V is for Volatility: Firing Line - TheStreet

V is for Volatility: Firing Line

With many options strategies, you can be right two out of three times and make money: market goes up, market goes down, and market stays flat.
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I need to take a respite from the oil, Congress, and White House cam this week.

By the eight-hour point in Thursday's grilling of

BP

's

(BP) - Get Report

CEO Tony Hayward I had had my fill of representatives trying to top each other for the best sound bite. I could feel the intelligence oozing out of me as each congressman turned oil drilling expert expressed their indignation and outrage. I get it.

Now let the guy get back to trying to cap the thing please...

But I digress. As usual.

It is time to put on my capitalist hat and do what all good capitalists would do in this situation: figure out how to profit.

There are currently two widely-held views of the overall market: things are getting better, things are getting worse.

I'll donate my Noble Prize for Economics winnings to my favorite charity...me.

Let me add a third view: the market is going to wander around for the next couple of months like a drunken sailor. And I'm speaking from experience...in both areas.

The correction from the April high was violent. The market sages predicted that this was the next leg down as the VIX spiked from the sleepy upper teens to the mid 40s. Cats and dogs living together, mass hysteria.

Except it wasn't. Over the coming weeks and months we saw multiple triple-digit gains and losses as the slightest news item drove the market. The market rightly sold off after the president touted great jobs numbers...for his company. The leak was capped. It wasn't. Hungary was going to default. It didn't. The U.S. scored! It was a tie.

Bottom line: we're not going to know which way this market ultimately is going until it gets there. There goes my Noble Prize. As an options trader, I really don't care which way the market is going because I can profit based on this uncertainty. With many options strategies you can be right two out of three times and make money: market goes up, market goes down, and market stays flat.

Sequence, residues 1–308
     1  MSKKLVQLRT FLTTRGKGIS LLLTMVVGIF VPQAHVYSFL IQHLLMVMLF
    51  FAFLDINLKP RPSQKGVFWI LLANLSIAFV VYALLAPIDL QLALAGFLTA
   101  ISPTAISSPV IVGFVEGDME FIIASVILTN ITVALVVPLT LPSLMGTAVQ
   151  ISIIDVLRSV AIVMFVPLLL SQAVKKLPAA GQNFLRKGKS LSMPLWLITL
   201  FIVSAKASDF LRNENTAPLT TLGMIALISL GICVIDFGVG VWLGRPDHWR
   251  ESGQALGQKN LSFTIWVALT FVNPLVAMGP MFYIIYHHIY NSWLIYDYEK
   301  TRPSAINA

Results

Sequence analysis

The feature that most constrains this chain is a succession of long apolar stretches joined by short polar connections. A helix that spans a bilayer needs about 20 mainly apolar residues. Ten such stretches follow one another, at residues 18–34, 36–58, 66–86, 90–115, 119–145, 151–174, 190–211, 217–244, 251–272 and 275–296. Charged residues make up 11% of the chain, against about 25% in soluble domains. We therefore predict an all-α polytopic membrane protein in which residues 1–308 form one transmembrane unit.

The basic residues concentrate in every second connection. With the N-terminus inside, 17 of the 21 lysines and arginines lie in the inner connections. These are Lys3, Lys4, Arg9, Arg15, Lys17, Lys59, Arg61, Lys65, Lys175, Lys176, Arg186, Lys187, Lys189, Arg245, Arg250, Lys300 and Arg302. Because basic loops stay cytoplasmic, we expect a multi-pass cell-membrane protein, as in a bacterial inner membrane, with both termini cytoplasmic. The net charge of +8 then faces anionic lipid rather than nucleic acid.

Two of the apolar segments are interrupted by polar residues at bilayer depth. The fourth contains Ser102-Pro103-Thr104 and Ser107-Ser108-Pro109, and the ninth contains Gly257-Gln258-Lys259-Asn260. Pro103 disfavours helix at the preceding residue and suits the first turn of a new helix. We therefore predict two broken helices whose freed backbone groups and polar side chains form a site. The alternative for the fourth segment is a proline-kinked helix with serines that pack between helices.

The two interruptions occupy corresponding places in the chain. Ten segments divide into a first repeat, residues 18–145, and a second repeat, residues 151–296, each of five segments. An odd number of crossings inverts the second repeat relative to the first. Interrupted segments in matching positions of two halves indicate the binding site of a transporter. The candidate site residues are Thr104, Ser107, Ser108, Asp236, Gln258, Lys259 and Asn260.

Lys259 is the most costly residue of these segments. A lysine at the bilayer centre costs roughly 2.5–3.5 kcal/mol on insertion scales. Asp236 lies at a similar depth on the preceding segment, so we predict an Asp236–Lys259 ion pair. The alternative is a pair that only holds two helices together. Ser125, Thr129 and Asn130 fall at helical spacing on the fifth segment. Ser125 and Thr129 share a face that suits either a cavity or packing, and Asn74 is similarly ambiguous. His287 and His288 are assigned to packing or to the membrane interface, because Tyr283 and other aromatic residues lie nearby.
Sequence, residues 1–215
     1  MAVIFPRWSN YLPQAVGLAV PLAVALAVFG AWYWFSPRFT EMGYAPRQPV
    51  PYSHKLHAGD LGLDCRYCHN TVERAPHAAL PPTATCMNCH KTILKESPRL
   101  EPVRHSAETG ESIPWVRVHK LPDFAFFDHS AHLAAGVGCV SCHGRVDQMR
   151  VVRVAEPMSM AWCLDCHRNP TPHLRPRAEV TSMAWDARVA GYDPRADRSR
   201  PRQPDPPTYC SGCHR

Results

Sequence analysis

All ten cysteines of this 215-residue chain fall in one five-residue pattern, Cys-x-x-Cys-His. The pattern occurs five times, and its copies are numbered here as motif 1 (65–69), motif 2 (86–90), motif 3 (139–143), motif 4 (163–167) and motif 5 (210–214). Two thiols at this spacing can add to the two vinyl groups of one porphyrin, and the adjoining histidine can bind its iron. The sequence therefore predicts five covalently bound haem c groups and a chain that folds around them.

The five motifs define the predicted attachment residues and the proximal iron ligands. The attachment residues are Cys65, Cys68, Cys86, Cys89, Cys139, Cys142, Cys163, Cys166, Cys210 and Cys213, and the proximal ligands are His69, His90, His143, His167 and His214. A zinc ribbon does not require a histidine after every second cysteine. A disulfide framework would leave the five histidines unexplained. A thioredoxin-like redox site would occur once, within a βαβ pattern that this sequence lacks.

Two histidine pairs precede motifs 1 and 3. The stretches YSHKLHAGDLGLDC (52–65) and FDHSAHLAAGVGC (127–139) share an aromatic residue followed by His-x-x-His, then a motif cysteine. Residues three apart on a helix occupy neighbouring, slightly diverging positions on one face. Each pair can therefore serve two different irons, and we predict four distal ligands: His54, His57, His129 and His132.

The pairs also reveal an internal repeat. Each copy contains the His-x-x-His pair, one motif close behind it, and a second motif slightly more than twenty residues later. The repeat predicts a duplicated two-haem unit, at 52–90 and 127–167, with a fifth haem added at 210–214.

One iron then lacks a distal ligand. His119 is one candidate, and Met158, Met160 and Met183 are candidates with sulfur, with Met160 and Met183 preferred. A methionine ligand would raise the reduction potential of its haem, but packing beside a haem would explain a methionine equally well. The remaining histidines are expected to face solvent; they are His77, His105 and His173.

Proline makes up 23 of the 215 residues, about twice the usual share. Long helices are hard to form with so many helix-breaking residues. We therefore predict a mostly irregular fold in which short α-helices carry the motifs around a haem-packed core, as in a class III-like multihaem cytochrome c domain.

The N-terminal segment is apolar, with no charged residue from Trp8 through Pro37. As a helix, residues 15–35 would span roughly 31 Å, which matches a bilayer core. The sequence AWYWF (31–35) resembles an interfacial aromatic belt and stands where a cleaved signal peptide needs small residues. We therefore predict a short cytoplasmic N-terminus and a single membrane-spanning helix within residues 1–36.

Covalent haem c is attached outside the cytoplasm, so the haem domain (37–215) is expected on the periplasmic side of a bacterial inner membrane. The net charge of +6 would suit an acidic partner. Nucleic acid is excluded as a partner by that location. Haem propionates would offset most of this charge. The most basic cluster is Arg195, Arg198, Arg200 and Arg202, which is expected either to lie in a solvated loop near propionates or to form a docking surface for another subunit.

And options love volatility. The more volatility the more an options premium will command. The VIX has retreated from the upper 40's to the mid-20's which to me is a buying opportunity. A good rule of thumb is when vol is cheap you buy it and when vol is expensive you sell it. The mark of a Jedi Master of course is knowing exactly when it's really cheap or when it's very expensive. As you know, or should know, they don't ring a bell at the top or bottom of the market.

A young options Jedi such as myself can look to take advantage of the market wandering in several ways. Let's take a look at two recent market piñatas: BP and

Goldman Sachs

(GS) - Get Report

.

Break glass in case of emergency warning: BP (the American arm or ADR), could go bankrupt. Trading anything related to BP is not for the faint of heart. But on the other hand there is the potential for huge upside based on huge risk.

If an investor believes that BP is going to weather this storm at some point in the future, but not tomorrow, they could buy farther dated call options named LEAPs. To offset the cost of these calls an investor could sell front month upside calls. This strategy takes advantage of significant near-term volatility in BP. Again, I have no clue what is going to happen with BP in the short or long term.

The same strategy, called a calendar or diagonal depending on the month and strikes, could be employed by an investor on GS.

GS took some cuts and bruises recently with the Fabulous Fab and still has a hanging chad in the form of a SEC civil complaint. But GS is back down around levels not seen since this time last year. It's either cheap right now or the world is going to end. GS is the canary in the market coal mine and the Oracle of Omaha put a lot of his cash behind GS years ago just south of these levels.

Unlike BP, GS is probably going to make it. I say that tongue in cheek of course...their alumni roster reads like a who's who of over achievers. GS topped out around 240 a couple of years ago. An investor believing that the shine is going to return to GS eventually, but not tomorrow could also buy long term calls while selling the front months similar to the BP strategy.

Firing Line: Capitalizing on a depressed asset is not only American (especially if it's British), it's your God-given right. Unless of course Congress decides it's not. It's also your right to get crushed if you're wrong. Back to the spill cam.

At the time of publication, Buckley had bullish options positions in GS.

Matthew "Whiz" Buckley is the chief strategy officer of

Options University

, a provider of options education for options traders of all levels. . He is also the founder of Strike Fighter Financial, a business-consulting firm specializing in leadership development, risk management and strategic planning for Fortune 500 companies and related organizations. Buckley flew the F-18 Hornet for the U.S. Navy. He's a graduate of TOPGUN, has close to 400 carrier landings and flew 44 combat sorties over Iraq. After leaving active duty, he worked as managing director of strategy at a Wall Street firm and CEO of a financial media company. He is an internationally recognized speaker and combined his experiences in the military and corporate America in his book "From Sea Level to C Level."